The Moon

Photo by AJ Bunyard (w/moon added)

Prompt: One evening a thief visited Ryōkan's hut at the base of the mountain only to discover there was nothing to steal. Ryōkan returned and caught him. “You have come a long way to visit me,” he told the prowler, “and you should not return empty-handed. Please take my clothes as a gift.” The thief was bewildered. He took the clothes and slunk away. Ryōkan sat naked, watching the moon. "Poor fellow," he mused, “I wish I could have given him this beautiful moon.” This story may be an interpretation of an account mentioned by Ryōkan in a haiku:

The thief left it behind:
the moon
at my window.

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Enlightenment is like the moon reflected on the water. The moon does not get wet, nor is the water broken. Although its light is wide and great, the moon is reflected even in a puddle an inch wide. The whole moon and the entire sky are reflected in one dewdrop on the grass.

—Dogen

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At night, I open the window
and ask the moon to come
and press its face against mine.
Breathe into me.
Close the language-door
and open the love-window.
The moon won't use the door,
only the window.

―Rumi, A Year with Rumi: Daily Readings

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All the Sky and the Moon in It

I would have fed you moon, my love,
scoop of chilled white vanilla moon,
out of black sky, into an ice cream cone.

You would have known you are everything.
(You'd have tasted the moon.)

—Emma Skogstad

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The Moon and I

I tread on purple laurel blossoms,
Searching for the moon.
The moon is not there among the fallen blooms.
Doves are startled from magnolia trees,
Where they meant to roost tonight.
The moon is not in the branches of the dark magnolias.
A cat with nothing but its voice for a begging bowl
Asks, but I have nothing to give.
The moon is not here.
Meanwhile,
The moon –
Minding its own business –
Is not much interested in laurel blossoms,
Or magnolia trees,
Or the needs of hungry cats.
Looking up, 
Into the vastness of the empty sky,
I see the moon at last…
But only part of it.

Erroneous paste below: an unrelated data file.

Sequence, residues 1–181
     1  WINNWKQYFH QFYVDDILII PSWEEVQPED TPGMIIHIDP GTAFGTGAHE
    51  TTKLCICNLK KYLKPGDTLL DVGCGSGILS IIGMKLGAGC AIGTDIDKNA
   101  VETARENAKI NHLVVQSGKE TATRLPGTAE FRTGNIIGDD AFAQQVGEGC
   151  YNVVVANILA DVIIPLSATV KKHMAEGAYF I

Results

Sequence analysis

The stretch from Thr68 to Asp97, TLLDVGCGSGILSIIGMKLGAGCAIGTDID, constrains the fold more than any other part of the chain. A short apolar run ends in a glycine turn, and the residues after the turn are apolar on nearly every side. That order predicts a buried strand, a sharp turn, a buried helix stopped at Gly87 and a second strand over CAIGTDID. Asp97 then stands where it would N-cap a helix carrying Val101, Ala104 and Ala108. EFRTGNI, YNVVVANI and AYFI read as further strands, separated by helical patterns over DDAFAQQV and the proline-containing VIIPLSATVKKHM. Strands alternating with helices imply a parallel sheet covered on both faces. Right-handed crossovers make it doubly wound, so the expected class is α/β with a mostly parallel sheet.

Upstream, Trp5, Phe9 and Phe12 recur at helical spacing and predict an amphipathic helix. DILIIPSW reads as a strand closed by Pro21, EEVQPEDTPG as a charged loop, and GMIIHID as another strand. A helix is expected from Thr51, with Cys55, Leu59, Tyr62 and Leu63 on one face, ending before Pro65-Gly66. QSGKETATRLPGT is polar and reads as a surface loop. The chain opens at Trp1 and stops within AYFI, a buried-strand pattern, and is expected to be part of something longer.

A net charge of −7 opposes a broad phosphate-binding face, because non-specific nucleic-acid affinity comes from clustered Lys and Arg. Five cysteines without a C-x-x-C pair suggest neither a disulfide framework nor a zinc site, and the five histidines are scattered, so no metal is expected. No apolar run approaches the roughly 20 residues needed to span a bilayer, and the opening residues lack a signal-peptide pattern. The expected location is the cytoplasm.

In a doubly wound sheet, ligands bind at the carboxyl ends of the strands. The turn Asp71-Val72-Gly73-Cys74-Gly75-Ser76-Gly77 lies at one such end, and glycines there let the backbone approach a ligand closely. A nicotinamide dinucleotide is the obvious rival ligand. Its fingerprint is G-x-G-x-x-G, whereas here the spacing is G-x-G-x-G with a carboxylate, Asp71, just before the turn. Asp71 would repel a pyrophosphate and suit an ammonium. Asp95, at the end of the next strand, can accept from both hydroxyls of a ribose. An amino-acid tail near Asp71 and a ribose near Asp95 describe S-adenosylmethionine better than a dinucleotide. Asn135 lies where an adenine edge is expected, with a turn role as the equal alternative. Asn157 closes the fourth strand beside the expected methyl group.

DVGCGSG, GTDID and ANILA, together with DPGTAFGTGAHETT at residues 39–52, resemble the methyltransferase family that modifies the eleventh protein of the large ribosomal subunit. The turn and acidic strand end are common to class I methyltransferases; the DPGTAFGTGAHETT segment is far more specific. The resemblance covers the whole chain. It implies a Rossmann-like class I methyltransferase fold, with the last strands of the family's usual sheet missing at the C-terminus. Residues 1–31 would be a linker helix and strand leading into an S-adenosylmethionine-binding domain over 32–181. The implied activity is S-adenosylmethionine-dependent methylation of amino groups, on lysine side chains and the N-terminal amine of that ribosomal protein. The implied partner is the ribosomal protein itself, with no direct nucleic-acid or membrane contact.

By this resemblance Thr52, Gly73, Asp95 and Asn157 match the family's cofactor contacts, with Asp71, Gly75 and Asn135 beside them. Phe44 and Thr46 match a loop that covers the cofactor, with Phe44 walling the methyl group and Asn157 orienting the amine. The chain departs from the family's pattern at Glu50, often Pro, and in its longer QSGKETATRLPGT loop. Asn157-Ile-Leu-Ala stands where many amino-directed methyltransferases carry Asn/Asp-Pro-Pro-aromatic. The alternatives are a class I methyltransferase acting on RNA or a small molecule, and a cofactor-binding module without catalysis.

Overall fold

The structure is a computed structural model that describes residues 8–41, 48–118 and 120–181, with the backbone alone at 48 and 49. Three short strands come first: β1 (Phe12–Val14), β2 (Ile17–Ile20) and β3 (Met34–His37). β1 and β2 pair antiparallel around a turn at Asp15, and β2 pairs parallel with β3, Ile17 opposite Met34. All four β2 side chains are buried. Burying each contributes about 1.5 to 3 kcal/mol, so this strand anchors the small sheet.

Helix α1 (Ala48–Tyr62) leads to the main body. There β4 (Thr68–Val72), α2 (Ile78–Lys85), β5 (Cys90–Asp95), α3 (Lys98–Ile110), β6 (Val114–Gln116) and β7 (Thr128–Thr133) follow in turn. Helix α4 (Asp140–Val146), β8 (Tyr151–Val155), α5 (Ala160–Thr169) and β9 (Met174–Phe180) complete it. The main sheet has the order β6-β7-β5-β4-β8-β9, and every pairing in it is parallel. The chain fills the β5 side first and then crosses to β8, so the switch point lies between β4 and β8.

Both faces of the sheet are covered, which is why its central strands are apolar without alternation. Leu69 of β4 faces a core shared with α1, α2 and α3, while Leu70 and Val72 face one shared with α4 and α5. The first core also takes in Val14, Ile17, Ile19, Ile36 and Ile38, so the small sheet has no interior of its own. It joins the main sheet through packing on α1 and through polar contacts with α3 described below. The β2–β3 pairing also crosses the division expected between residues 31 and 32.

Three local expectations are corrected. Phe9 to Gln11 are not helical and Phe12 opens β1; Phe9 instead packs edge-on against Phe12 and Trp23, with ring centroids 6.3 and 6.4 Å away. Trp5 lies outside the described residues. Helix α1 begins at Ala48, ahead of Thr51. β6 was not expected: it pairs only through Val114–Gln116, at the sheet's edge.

The full sphere is mostly hidden.
Yet I am content to call
This silver crescent “the moon.”
It has other names.
In Spain it is “la luna”,
In Tibet, “dawa”.
The moon doesn’t mind what we call it.
It’s nature is neither moon
nor luna
nor dawa
nor ice cream
nor the leavings of a thief.
It knows its own way.
I know it will be back tomorrow. 

Donna Dechen Birdwell

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I saw the moon after my friends had spotted it, high in the pale blue sky. It was framed for me by a somewhat square of tree branches that reminded me of how a cameraman holds his fingers when roughly framing a shot he's looking at, to see if it will work. It worked.

The soft spring air brought sounds of a roofing crew laying black felt over a plywood roof, the hammering of the stapler—a familiar sound from my past. The crew was working hard past the usual quitting time, in case it rained before they could get the shingles down. I wished that I could have given them the silver moon as a bonus.

I saw the moon last Sunday night from my son's backyard, in the country, outside of the city's light pollution sphere. It was “holding water” and the planet Venus, looking like a small brilliant yacht, was anchored just off the starboard shore of the silver crescent.

The night after my son was born (at home), I wrapped him in a small blanket and went out on the deck behind our house. I pulled the blanket back and held him skyward. I looked at the moon and stars sternly and said, “This is my son. Protect and guide him. I put my trust and faith in you.”

The gods have not disappointed me. They have honored my request and given me the moon.

—Robert Porter

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A Princess in a Castle High

She's locked herself into a tower
high high above the sea
and drawn thick walls about her close
against the moon and its seduction.

Still, she cannot hold it away.
It seeps in through the barred windows
and the long tunnel of the well
where it shines up at her and seems about to speak.

On nights of the full she can hardly sleep
feeling the hiss of light, the tug
yearning to it like the waves so far below
she cannot hear their crash and pull
though, like them, she rises, jostles.

Oh, go away, she wants to say to it
what is the use of all your weeping, plucking?
and when you are joyous, you will have to feel that joy alone.

But not quite alone, in truth
because she does hear that shout of light
does clench her fist, storm with the storm
and though she tries, she cannot help but dream
and, dreaming, floats her way to sea.


Ceremony for a Moonlit Night

We cannot say it is this date
or that—the fifth of August
or the second full moon,
only, when the lake is still,
a silver plate under the silver
circle of the moon,
under the waiting stars.

Then we come
each holding in two hands
—exactly so—
a boat prepared with coping saw
and red and yellow paint,
pulled from its hiding place
for such as night as this.

Each child ties the sail,
lights the candle at the back,
and out the vessels go,
bearing their frail light into the dark.

Sarah Webb

1 comment:

Jane Smith said...

Emma,
That is one of the most beautiful, haunting love poems I haver read.
Jane Smith